Fig. 5 shows a partial section of a modification of the bag illustrated in Fig. 2.

Fig. 6 shows a partial longitudinal section of a modification of the device shown in Fig. 2.

Fig. '7 is a view of an outer face of the disc-like element in the oil-passage member.

Fig. 8is a partial view of a modified outer face of the disc-like element in the oil-passage member.

Fig. 9 is a view of another modification of the outer face of the disc-like element in the oil-passage member.

Fig. 10 is a diagrammatic perspective view illustrating the lines of intersection between conical outer portions of adjacent chanels in the disc-like element.

In Figs. 1 and 2, l and l", respectively, designate the container, 2 and 2', respectively, the bag, 3 and 3'. respectively, an air valve, 4 and 4, respectively, the oil-passage member.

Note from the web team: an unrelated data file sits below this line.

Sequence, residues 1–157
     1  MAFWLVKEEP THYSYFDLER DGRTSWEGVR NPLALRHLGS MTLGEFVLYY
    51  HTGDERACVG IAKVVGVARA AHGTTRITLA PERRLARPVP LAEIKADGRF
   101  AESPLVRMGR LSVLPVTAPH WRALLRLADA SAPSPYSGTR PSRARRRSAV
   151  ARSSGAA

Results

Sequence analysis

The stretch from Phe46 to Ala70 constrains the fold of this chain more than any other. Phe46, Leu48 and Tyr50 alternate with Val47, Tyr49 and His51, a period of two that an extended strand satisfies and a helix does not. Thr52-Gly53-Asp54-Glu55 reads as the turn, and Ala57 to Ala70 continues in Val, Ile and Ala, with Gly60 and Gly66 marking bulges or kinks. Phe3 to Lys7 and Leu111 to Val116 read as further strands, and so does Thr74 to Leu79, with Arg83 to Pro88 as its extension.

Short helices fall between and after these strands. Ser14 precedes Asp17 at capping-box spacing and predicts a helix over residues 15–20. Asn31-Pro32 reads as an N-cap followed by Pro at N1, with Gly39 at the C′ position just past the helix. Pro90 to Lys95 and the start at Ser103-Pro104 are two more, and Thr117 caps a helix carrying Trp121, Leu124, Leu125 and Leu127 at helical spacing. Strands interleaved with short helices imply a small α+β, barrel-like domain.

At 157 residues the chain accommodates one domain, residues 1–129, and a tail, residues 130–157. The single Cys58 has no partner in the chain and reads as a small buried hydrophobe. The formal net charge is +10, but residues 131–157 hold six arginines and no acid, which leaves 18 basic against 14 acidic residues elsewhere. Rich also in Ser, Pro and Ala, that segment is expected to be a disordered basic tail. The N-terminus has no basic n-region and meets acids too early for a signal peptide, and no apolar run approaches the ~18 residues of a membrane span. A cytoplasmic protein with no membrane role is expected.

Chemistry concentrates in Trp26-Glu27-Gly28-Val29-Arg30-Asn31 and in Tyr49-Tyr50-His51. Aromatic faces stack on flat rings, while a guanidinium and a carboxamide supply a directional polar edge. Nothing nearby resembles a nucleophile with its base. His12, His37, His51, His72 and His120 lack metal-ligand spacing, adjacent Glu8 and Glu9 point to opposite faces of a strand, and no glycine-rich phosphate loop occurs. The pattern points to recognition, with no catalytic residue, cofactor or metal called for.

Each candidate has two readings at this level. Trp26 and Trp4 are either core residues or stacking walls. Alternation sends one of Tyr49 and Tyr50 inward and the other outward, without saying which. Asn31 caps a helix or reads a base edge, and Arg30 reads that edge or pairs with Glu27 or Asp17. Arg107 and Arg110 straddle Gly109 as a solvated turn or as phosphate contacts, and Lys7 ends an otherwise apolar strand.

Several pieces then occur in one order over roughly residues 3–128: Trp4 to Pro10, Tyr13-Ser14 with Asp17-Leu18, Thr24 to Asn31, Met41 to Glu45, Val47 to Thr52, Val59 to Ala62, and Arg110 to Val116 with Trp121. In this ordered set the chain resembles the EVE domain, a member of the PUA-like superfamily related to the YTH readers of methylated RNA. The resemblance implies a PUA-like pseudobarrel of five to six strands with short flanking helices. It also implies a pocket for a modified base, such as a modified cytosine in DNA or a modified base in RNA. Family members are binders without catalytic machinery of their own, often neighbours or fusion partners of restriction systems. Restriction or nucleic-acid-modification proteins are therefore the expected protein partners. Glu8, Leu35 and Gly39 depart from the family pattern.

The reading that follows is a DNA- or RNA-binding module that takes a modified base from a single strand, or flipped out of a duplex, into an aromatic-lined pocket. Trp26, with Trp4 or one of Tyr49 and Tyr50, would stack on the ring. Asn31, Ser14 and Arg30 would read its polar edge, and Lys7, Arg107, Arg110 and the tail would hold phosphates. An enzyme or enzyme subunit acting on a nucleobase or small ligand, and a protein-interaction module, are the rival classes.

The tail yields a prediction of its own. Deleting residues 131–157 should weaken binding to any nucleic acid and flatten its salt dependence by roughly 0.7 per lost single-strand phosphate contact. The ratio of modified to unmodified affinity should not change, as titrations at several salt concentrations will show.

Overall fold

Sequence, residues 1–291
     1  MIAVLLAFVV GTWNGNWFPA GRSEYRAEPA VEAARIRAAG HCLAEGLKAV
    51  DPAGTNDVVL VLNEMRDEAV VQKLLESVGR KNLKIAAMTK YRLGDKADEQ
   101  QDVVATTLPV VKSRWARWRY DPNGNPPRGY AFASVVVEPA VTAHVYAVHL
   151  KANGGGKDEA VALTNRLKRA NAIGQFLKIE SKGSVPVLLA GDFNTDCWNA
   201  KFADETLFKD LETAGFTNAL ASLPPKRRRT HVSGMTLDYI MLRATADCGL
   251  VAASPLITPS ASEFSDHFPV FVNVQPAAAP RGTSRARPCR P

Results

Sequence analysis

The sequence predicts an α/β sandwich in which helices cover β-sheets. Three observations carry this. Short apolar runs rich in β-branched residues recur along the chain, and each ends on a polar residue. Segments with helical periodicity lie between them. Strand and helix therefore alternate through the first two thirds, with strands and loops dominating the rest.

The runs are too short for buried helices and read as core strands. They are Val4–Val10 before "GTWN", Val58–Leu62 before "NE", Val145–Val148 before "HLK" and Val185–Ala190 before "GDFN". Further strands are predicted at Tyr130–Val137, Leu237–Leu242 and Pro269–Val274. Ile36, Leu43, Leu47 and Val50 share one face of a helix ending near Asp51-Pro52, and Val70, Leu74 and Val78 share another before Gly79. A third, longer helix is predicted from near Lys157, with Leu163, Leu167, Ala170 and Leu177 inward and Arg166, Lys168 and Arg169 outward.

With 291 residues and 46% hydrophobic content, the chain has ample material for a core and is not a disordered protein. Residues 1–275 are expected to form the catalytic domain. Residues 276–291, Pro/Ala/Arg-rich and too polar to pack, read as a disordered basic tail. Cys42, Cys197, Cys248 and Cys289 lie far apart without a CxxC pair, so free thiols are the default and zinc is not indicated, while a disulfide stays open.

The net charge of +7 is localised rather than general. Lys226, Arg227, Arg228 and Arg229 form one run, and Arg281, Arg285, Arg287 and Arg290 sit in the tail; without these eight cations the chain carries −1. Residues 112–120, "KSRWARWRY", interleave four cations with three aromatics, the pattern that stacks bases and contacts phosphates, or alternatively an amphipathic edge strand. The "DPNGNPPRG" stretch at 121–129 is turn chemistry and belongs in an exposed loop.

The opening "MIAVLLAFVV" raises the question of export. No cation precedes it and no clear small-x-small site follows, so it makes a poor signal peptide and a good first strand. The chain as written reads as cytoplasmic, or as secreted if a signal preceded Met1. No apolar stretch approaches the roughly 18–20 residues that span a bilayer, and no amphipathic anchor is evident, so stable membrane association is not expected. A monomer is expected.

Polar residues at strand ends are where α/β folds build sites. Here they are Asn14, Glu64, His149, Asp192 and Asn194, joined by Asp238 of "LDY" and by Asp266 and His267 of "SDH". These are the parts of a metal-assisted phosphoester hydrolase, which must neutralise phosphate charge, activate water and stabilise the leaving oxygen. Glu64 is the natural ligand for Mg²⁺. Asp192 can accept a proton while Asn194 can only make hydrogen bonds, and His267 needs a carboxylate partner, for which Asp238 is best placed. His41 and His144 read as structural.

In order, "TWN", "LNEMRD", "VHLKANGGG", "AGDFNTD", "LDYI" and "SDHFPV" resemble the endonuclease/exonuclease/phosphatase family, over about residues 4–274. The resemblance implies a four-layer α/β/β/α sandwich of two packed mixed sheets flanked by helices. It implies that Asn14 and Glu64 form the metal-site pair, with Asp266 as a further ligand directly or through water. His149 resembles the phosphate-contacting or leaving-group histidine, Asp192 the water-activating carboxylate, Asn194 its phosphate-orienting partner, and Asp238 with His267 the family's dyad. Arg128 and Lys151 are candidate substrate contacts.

The bag is shown in the position which it will.

occupy upon reaching its greatest flexible expansion. In the two examples, the liquid used was mineral oil, and the bag was filled with air. The bag was made of a synthetic rubber compound of the highest possible flexing life consistent with the necessity to preserve an elasticity of 200% at normal temperature.

The diameter of the container shown in Fig. 1 was 13". Consequently the inner circumference of the container was approximately 40" long and the outer circumference of the bag, when inflated up to the limit of its flexible deformability, was 34" long. Therefore the proportion between the linear dimensions of bag and container was approximately 85%, the proportion between their volumesapproximately 61%, and the proportion between their surfaces-i. e. the inner surface of the container and the outer surface of the bagapproximately 72%. The wall of the bag had a thickness of 6" over its upper portion, i. e. that extending between points 5 and 6, and including valve 3. The thickness then increased and reached 3 6" at points I and 8. Between these points, a special reinforcement bringing the thickness up to was provided at the area likely to contact the oil passage.